FAO studies Nile fishing communities

FAO studies Nile fishing communities

A 4000 kilometre trek across the Sudanese desert has been completed by Paula Anton and Lori Curtis of FAO Fisheries as they took part in a survey of 18 fishing villages along the River Nile during a 17-day trip through six states.

The FAO technical team met fishing people and focus groups of women in each location, also meeting traders and others involved in the fish trade with the aim of establishing an overview of the challenges faced by fishing communities.

‘In recent years, the demand for fish has grown tremendously in the Sudan, particularly in its capital, Khartoum,’ said FAO Fisheries and Aquaculture Department consultant Lori Curtis. ‘This has been part of a concerted communication effort to promote fish as a healthy source of protein and micronutrients, and has most probably also been helped by improved national infrastructure. The roads have been improved in recent years, facilitating transport from fishing regions along the Nile to the nation’s capital.’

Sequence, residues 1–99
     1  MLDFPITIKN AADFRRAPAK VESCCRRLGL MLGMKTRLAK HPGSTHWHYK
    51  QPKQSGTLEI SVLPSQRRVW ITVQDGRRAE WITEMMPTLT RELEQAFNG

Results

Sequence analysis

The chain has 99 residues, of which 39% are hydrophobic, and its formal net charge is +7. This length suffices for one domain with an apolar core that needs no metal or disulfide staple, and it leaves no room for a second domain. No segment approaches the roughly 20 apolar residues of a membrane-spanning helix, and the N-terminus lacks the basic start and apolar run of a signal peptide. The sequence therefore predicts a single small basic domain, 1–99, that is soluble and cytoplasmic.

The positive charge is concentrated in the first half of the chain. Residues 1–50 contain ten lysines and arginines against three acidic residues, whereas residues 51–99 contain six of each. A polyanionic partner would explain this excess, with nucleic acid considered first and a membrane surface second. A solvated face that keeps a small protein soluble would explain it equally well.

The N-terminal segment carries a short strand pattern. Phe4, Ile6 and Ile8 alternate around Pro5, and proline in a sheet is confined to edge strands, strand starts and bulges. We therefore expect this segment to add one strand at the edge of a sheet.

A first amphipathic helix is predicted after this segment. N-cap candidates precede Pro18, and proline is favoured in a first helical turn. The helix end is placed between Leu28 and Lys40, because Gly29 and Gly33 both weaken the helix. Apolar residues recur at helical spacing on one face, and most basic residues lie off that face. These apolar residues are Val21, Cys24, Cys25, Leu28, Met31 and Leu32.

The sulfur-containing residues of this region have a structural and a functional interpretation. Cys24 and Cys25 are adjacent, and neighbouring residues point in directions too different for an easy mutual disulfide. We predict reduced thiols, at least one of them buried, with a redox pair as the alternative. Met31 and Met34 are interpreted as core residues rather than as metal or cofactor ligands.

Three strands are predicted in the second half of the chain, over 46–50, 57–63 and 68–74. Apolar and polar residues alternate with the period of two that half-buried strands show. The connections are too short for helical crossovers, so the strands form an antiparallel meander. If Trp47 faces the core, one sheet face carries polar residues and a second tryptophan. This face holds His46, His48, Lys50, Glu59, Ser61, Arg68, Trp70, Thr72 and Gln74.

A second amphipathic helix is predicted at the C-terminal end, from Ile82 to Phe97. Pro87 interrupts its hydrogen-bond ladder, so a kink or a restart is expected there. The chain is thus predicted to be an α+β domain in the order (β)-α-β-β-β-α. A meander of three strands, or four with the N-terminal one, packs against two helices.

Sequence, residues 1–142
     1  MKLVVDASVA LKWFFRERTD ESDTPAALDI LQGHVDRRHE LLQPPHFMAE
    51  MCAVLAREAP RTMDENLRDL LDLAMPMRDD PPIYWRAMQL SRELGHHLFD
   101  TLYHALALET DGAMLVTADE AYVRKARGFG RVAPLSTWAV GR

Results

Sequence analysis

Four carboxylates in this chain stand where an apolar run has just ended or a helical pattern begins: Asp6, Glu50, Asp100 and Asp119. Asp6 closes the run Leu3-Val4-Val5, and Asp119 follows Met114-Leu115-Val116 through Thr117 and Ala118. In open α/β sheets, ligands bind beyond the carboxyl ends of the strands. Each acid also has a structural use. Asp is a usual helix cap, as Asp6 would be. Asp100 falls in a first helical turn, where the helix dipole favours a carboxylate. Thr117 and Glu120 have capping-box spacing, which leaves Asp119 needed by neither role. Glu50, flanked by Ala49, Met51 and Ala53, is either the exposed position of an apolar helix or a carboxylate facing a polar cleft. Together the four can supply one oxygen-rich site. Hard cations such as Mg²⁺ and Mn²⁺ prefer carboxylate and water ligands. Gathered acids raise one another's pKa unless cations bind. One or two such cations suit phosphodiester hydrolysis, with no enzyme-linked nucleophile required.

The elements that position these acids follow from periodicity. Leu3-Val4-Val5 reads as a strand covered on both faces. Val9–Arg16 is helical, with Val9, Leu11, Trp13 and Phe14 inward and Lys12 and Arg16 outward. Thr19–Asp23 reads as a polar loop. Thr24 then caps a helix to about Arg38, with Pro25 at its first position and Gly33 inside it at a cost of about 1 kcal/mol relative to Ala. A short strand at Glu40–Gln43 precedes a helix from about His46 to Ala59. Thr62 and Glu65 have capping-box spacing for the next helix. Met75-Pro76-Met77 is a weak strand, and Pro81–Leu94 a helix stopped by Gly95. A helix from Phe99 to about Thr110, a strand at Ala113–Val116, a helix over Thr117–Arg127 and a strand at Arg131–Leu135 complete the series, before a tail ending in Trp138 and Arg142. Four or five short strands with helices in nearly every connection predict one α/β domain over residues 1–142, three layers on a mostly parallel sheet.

She commented that in the past fisheries management was not seen as a priority, but this need for greater knowledge and fisheries management policies is increasing as the demand for fish products has grown.

‘It is a good time for us to be working with the government and the fishing communities,’ she said.

The assessment was designed to gain an understanding of the context of small-scale inland fisheries and aquaculture challenges and opportunities at the national level, while ensuring that the particularities of specific communities and states were also captured.